Search the Site

Google’s Latest ESG Crisis: Diversity

Google’s Latest ESG Crisis: Diversity

The push by institutional investors, employees and watchdog groups for companies to take greater social responsibility is overtaking Google once again. The latest hot-button issue to ensnare the search engine monolith: diversity.

 

Employees and shareholders are pressing the board of directors of Alphabet Inc., Google’s parent company, to implement reforms encouraging greater racial and gender diversity among its workers. In a resolution sent last month to Alphabet, they went so far as to recommend the board evaluate tying executive compensation to diversity-related metrics.

 

The proposed reforms are aimed at fixing what their sponsors are labeling a “tech diversity crisis.” The technology industry as a whole has come under fire for the perception that Silicon Valley fosters frat-house cultures dominated by white men. Critics note the lack of diversity even extends to educational backgrounds after a study indicated that a staggering 40 percent of venture capitalists attended either Harvard or Stanford University.

Employee-driven efforts at Google to address high-profile issues, such as cleaning up sexual misconduct within senior management, have come to symbolize an intensifying clash between corporate leaders and a new wave of ESG-minded capitalists. While the Trump administration’s SEC has taken some steps to ease oversight of publicly traded companies, a collection of more reform-minded third parties are exercising their own influence over corporations, outside the government’s regulatory system. They include institutional investors and leading proxy advisory firms, which are taking the fight over corporate social responsibility far and wide. Research on investor proxy voting behavior indicates support for their efforts is growing.

Not surprisingly, companies are fighting back against attempted incursions on their turf. Google defeated a Zevin Asset Management board diversity proposal in 2018; the board stated “true diversity comes from diversity of thought.” Meanwhile, Google’s peers requested “no-action letters” from the SEC to nix similar shareholder proposals on diversity. In 2017, the SEC granted a no-action letter that allowed Apple to throw out a diversity-centric shareholder proposal from Zevin, the same investment firm spearheading the 2018 Google resolution. Likewise, the SEC allowed online retailer eBay to exclude a Zevin-backed diversity proposal in 2018.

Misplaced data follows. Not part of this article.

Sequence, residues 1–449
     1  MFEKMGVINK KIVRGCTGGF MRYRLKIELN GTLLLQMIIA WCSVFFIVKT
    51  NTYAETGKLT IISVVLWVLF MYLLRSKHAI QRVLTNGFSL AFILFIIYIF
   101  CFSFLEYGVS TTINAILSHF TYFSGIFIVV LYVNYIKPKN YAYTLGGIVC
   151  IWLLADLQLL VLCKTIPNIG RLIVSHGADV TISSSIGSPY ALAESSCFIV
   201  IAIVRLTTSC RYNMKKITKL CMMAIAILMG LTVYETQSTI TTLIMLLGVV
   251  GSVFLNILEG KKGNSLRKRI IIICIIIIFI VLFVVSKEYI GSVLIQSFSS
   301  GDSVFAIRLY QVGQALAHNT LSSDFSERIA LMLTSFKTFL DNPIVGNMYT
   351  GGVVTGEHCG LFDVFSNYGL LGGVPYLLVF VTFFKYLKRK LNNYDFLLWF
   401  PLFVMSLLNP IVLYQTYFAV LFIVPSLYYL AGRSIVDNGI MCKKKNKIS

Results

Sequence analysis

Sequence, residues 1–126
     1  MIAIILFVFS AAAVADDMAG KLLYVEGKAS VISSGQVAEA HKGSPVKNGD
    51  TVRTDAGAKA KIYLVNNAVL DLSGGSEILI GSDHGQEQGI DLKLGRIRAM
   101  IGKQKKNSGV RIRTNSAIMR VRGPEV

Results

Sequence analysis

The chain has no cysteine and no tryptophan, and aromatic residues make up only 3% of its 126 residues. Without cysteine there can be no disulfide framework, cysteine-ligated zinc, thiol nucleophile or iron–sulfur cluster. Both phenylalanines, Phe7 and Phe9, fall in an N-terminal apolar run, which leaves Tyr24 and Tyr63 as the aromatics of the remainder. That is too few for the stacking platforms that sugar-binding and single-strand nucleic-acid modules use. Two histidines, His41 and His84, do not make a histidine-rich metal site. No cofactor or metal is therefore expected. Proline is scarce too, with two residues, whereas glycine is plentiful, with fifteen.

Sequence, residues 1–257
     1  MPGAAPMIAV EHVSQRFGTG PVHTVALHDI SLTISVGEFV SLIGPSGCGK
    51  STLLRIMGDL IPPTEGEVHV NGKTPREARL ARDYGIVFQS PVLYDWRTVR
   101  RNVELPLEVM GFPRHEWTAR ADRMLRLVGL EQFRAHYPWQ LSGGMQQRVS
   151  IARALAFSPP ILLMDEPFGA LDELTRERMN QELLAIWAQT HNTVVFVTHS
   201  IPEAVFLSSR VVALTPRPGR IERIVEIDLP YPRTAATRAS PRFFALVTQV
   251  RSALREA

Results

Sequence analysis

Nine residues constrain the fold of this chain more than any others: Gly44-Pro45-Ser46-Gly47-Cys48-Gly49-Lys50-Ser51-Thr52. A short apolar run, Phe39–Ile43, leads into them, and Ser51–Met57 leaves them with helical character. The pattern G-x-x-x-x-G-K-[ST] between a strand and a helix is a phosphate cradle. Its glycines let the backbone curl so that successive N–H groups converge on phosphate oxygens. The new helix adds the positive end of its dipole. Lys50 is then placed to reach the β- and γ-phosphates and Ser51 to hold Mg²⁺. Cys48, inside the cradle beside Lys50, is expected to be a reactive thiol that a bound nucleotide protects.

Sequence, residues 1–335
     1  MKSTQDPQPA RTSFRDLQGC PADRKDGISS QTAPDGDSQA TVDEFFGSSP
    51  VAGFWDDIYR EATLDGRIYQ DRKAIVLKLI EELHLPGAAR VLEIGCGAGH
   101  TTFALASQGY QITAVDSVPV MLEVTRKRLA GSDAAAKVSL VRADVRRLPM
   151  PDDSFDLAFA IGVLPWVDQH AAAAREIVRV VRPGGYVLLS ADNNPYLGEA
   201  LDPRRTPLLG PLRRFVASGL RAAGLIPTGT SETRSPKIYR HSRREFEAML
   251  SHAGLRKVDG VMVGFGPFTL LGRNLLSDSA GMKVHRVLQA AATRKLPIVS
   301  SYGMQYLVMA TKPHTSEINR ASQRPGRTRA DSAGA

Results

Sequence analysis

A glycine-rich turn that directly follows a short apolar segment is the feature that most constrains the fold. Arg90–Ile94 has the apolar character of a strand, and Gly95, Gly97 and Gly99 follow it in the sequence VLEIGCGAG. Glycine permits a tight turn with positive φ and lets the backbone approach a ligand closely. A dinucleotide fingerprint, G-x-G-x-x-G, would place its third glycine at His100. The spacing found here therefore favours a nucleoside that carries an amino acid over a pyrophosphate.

Obtaining these no-action letters could become even easier in the near future if business gets its way. In a letter sent to the SEC earlier this month, a coalition of more than 300 public companies joined the Nasdaq stock exchange in calling for changes to the proxy system. They included a request for the commission to streamline the process for issuing no-action letters.

On a related note, the Alphabet shareholder proposal comes at an interesting moment for the SEC. The Division of Corporate Finance – aka Corp Fin – issued guidance in February regarding diversity disclosures. Specifically, it suggested that if diversity factors into a company’s processes for selecting board members, it should disclose that fact.

Whether or not Google will have to take additional action on diversity – including putting its latest shareholder proposal to a vote – remains to be seen. Even if it manages to get relief from the SEC through a “no action” letter, it seems clear that employees, institutional investors and other stakeholders will continue to press for action on their ESG-related concerns.

Related Articles

Hester Peirce Goes Hester Prynne on ESG

Let there be no doubt about Hester Peirce’s feelings when it comes to environmental, social and governance (ESG) issues. During her tenure with the ...

SEC Approves First Two Regulated Crypto Coin Offerings

President Trump’s Twitter account serves as one of the commander-in-chief’s favorite forums for airing grievances. Politicians, the media, celebri...

Auditor Independence Comes to Fore in 2019

One issue that has kept financial regulators sneakily busy in 2019 is auditor independence. Both the SEC and the Public Company Accounting Oversight B...